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Unused, Unwanted, and Unsafe: What To Do with Old Medications? By Our July Student Pharmacist, Kevin Wenceslao.

Blog 2 Medicine Cabinet

Do you have unused medications sitting around in your medicine cabinet? Are you afraid that a family member or loved one might accidentally take or use that medicine? Do you know how to properly dispose of those medications?

For this week’s topic, Plain City Druggist is here to explain why it’s important to get rid of old prescription medications and to also educate on how to dispose of them properly.

To start off, there are a number of reasons why people may have old medications laying around.

  • Medications are often stopped or changed for a variety of reasons: allergic reactions, side effects, or lack of effectiveness.
  • Other medicines, such as painkillers or rescue inhalers, are taken only “as needed” and may not be completely used up by the time they expire.
  • Someone in the family may have died and other family members are not sure what to do with those medications.

In any case, holding on to these old medications can lead to problems such as overdose, accidental poisoning, or even drug abuse.

Medications do not last forever; all medicine has an expiration date. Typically, all prescription drugs have a “discard by” date on the label, and over-the-counter (OTC) medications have an expiration on the original container. After a drug expires, it can lose effectiveness or become harmful. Simply having an expired medicine in your house can increase the risk of you or your family member taking it by mistake which could lead to accidental poisoning. If you are ever unsure if a drug is expired, don’t hesitate to call your local pharmacist at Plain City Druggist to ask.

Another potential hazard of keeping unused medications, especially controlled substances like opiates, is the risk of misuse and abuse. The Food and Drug Administration (FDA) mentions that studies have shown that many abused prescription drugs are often obtained from friends and family. These drugs are easily accessible because they are commonly kept in a place like the medicine cabinet where they can quickly be found. The potential for abuse is why it is important to discard any unused medicine when you no longer need it. By getting rid of these drugs in a proper manner, you can help prevent abuse.

So now the question is, how do I get rid of these old medicines in a safe and responsible manner?

Luckily, there are a number of options available for you right here in Plain City. First and foremost, if you ever need help with disposing of a medication, Plain City Druggist is a great place to start. We are always happy to answer questions and provide information about local drug take back facilities and programs. Every year, Madison County hosts a Drug Take Back Day in April. This event serves to educate the public and encourage the community to bring back expired, unused, and unwanted prescription medications. Furthermore, this process is anonymous and no questions will be asked at the event.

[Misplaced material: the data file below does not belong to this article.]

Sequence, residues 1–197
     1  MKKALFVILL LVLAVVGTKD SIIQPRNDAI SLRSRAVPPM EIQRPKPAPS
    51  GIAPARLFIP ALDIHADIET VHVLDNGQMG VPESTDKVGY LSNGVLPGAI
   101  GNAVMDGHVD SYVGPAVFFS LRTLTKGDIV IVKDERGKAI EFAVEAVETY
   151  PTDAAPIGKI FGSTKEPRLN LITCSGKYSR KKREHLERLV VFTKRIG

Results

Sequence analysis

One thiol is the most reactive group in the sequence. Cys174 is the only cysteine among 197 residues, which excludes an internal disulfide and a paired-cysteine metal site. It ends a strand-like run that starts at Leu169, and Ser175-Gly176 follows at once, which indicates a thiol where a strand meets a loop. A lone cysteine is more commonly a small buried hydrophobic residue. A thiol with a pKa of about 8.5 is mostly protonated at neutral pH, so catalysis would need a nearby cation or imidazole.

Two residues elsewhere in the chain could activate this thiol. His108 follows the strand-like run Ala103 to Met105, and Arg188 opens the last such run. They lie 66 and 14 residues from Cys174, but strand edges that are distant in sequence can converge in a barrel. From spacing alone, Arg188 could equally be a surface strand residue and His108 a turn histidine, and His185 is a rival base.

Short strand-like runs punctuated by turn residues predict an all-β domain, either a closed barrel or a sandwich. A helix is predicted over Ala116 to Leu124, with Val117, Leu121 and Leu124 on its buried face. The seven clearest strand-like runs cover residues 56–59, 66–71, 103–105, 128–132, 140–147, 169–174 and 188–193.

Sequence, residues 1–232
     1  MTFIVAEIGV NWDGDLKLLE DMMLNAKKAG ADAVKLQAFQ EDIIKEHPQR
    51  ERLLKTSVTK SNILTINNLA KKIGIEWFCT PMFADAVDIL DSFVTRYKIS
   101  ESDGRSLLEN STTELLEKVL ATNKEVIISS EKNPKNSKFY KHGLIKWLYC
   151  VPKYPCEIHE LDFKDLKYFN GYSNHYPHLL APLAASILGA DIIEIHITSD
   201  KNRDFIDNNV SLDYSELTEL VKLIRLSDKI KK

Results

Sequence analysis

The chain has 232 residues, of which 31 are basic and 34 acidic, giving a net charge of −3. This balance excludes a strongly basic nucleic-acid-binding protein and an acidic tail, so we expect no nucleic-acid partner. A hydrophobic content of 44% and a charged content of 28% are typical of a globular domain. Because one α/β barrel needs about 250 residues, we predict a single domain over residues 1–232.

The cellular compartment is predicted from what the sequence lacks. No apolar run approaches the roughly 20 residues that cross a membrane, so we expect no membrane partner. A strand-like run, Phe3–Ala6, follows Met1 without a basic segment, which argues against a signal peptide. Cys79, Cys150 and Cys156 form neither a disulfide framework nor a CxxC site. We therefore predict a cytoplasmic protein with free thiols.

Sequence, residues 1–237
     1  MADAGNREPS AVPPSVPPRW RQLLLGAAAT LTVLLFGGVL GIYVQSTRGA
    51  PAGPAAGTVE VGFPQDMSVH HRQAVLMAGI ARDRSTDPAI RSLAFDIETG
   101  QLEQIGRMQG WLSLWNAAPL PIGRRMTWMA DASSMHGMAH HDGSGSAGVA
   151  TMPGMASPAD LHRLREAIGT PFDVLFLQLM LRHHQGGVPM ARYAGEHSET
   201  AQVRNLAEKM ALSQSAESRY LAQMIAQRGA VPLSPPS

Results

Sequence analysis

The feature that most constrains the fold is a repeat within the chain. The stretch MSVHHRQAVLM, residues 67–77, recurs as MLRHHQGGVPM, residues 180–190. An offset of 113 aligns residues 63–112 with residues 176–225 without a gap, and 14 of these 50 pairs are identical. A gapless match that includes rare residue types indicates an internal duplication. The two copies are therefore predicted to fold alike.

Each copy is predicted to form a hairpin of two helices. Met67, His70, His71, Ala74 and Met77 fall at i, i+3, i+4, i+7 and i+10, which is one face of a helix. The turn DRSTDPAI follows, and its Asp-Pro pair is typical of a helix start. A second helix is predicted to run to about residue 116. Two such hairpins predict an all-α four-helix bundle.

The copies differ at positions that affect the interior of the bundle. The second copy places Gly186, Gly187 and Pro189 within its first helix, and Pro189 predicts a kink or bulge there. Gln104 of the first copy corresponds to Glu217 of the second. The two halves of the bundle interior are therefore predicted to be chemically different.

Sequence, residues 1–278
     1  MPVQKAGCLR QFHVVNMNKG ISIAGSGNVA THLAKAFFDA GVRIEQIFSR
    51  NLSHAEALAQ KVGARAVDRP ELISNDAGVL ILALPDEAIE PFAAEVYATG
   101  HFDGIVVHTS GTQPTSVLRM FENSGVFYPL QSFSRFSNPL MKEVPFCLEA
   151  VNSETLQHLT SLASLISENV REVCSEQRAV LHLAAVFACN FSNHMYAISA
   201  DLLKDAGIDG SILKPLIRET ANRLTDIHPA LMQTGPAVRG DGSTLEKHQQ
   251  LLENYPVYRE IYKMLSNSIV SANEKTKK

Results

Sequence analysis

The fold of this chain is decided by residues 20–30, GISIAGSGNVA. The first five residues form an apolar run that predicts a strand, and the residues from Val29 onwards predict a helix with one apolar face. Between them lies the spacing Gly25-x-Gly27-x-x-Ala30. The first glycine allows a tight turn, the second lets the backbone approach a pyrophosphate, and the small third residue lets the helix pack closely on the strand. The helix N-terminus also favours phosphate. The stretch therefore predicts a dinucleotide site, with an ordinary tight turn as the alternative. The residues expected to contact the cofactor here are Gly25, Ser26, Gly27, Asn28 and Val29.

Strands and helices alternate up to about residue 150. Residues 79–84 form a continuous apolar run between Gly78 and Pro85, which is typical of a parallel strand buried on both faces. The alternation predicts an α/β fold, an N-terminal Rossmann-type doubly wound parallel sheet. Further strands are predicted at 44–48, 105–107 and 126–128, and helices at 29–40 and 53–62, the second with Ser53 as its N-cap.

In addition to this event, there are three local sites that have permanent drop off boxes that can be used throughout the year:

Blog 2 Fire Department

  • Union County Sheriff’s Office:
    221 West 5th St, Marysville, OH 43040
  • Pleasant Valley Fire Deparment:
    650 West Main St. Plain City, OH 43064
  • Richwood Police Department:
    153 North Franklin St. Richwood, OH 43344

If these options are not accessible to you, there are also ways to dispose of medicines at home. In order to prevent harming others or the environment, and to reduce the risk of abuse, there are specific instructions when it comes to disposing of medications at home.

The FDA recommends following these steps when disposing of drugs in the trash:

  • Mix the medicine with unpalatable substances like used coffee grounds, kitten litter, or dirt and placing it in a sealable container before throwing it out in the trash.
  • The original bottle should be thrown away separately with all the information scratched out.
  • Some medications are especially harmful if taken by mistake or have a high potential for abuse, and the FDA actually recommends flushing these medicines down the toilet to reduce those risks.

Click HERE for the FDA list of medications that should be disposed by flushing.

As you can see, keeping expired, unused, or unwanted medications in the household can lead to many problems. Proper disposal of these medicines can help keep you and your family safe. In addition to having a local pharmacy like Plain City Druggist as a resource, the FDA website also has great sources with more in-depth information about drug disposal.

As always, if you have any questions, feel free to come in to the pharmacy to ask!

Blog 2 steps


Drug Disposal Information. (n.d.). U.S. Department
of Justice. Drug Enforcement Administration. Retrieved July 14, 2017, from https://www.deadiversion.usdoj.gov /drug_disposal/index.html

Center for Drug Evaluation and Research. (n.d.).
Special Features – Don’t Be Tempted to Use Expired Medicines. U.S. Food and Drug Administration. Retrieved July 14, 2017, from https://www.fda.gov/drugs/resourcesforyou/specialfeatures/ucm481139.htm

Commissioner, O. O. (n.d.). Consumer Updates – How
to Dispose of Unused Medicines. .S. Food and Drug Administration. Retrieved July 14, 2017, from https://www.fda.gov/ForConsumers/ConsumerUpdates/ucm101653.htm

Press, M. (2017, April 11). Drug ‘Take-Back’ in
Plain City this month. AIM Media West Operating. Retrieved July 14, 2017, from http://www.madison-press.com/news/249995/drug-take-back-in-plain-city-this-month

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